How to Celebrate National Tooth Fairy Day
Ask yourself why we lie to children. Is it to soften the eventual realization that life is full of pain and sorrow? Is it to manipulate them into specific, preferred behaviors? What would happen if we were honest with children?
Today, find out.
Assemble a group of children, preferably pre-teens of prime tooth-losing age. Tell them that the tooth fairy does not exist. Tell them that their parents slip into their bedrooms while they’re sleeping and replace their lost teeth with currency.
Explain that this behavior is not unusual and is, in fact, a tradition that has persisted for centuries, likely as a means of comforting children as they begin to recognize their own mortality and the continuous process of decay that is existence.
Encourage the children to turn the situation to their financial advantage. Supply each child with a Ziploc bag full of discarded human teeth. Teach them to pace out their distribution – i.e., how frequently they “lose” these teeth – to avoid suspicion.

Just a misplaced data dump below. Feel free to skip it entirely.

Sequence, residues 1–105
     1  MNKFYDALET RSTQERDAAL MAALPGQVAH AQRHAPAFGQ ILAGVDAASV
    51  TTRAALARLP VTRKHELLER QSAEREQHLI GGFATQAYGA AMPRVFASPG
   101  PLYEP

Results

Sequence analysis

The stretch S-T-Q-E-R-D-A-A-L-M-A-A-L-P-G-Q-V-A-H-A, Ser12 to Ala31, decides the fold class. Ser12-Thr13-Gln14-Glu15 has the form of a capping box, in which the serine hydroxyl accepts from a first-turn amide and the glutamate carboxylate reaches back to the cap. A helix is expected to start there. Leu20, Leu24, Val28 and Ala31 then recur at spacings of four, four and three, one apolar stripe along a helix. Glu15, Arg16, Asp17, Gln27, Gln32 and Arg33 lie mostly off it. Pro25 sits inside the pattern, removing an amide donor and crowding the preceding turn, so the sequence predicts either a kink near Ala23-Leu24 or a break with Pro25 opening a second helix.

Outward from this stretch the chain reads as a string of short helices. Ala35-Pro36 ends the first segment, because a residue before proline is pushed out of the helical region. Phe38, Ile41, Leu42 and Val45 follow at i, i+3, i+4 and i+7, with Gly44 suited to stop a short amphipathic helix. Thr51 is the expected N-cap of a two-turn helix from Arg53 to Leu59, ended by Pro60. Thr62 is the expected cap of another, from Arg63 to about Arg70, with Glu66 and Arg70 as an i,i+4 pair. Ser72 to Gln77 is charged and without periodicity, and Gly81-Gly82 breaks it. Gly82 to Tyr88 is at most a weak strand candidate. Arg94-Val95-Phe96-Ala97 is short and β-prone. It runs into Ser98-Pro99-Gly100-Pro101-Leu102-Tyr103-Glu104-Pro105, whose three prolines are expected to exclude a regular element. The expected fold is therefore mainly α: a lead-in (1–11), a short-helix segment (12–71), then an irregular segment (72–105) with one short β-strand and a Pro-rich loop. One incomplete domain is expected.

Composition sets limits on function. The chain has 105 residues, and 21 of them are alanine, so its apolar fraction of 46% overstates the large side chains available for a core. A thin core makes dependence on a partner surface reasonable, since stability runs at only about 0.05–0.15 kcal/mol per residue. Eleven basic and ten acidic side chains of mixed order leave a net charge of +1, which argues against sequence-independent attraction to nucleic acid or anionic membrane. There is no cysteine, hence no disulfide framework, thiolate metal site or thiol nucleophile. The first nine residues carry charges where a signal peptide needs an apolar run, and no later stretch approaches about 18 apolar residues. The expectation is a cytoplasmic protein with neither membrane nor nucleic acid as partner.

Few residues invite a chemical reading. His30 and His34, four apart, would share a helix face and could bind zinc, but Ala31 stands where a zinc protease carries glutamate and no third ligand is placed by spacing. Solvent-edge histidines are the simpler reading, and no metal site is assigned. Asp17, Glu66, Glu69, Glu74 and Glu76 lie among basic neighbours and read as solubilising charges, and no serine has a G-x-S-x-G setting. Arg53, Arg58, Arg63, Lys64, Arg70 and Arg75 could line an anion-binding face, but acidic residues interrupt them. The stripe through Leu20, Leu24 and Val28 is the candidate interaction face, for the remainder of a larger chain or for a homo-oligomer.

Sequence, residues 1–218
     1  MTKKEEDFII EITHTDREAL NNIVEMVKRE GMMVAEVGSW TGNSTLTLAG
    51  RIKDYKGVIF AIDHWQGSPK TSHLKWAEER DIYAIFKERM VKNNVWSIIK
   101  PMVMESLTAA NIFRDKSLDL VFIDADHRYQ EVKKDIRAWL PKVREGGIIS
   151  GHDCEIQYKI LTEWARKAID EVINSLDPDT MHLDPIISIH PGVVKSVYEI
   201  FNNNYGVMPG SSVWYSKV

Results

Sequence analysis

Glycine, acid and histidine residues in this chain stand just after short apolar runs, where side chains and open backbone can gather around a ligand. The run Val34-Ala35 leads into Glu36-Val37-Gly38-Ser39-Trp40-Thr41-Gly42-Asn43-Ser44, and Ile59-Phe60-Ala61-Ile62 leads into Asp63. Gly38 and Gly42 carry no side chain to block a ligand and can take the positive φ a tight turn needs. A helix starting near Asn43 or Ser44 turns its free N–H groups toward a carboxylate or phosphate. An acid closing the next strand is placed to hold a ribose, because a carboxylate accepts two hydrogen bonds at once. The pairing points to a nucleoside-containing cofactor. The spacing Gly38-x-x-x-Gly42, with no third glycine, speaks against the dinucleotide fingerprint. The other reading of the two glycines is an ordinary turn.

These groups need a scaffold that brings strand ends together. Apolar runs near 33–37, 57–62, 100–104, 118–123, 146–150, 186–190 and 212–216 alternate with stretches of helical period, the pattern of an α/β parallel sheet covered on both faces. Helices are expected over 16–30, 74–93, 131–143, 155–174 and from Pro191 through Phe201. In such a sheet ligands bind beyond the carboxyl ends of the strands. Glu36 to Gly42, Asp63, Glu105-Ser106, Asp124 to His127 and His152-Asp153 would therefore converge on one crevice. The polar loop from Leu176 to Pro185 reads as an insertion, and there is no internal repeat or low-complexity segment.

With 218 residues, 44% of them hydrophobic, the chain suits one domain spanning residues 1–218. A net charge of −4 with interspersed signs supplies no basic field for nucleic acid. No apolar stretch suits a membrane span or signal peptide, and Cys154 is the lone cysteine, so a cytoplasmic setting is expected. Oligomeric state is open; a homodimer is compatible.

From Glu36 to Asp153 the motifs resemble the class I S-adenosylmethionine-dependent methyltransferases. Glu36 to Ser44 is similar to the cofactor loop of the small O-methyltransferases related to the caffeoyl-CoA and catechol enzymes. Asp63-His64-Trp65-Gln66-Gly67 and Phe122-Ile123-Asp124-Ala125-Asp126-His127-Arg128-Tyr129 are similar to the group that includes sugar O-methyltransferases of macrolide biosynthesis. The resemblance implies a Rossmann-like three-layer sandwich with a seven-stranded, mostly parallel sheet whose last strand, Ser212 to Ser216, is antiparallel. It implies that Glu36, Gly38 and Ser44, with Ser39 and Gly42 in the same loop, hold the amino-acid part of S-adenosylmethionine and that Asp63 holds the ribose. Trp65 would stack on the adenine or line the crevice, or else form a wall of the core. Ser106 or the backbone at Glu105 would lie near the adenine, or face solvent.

Send the children on their way – happier, healthier, more cunning and opportunistic, and, possibly, better prepared for life.
Tooth fairy art prints from some fine folks on Society6.
- Tooth Fairy by Foya
- Tooth Fairy by Alba Blázquez
- Tooth Fairy by Jorgenson Art Syndicate
- Tooth Fairy by Ana Gomes
- “Tooth Fairy” by CreativExposure
Links & Learning
So, about this tooth fairy
- Don’t Tell the Kids: The Real History of the Tooth Fairy – Salon
- Where Did the Tooth Fairy Come From? – Forbes
- The Tooth Fairy Is a Very Recent, Very American Creation – Smithsonian
- Tooth Fairy’s 2016 Cash Payouts Hit All-Time High – USA Today
And what about the lying?
- Is It Okay to Lie About Santa? – PBS Parents
- Psychologists Think Your Lies About Santa Damage Your Kids – Huffington Post
- Stop Lying to Your Kids About Santa – The Week
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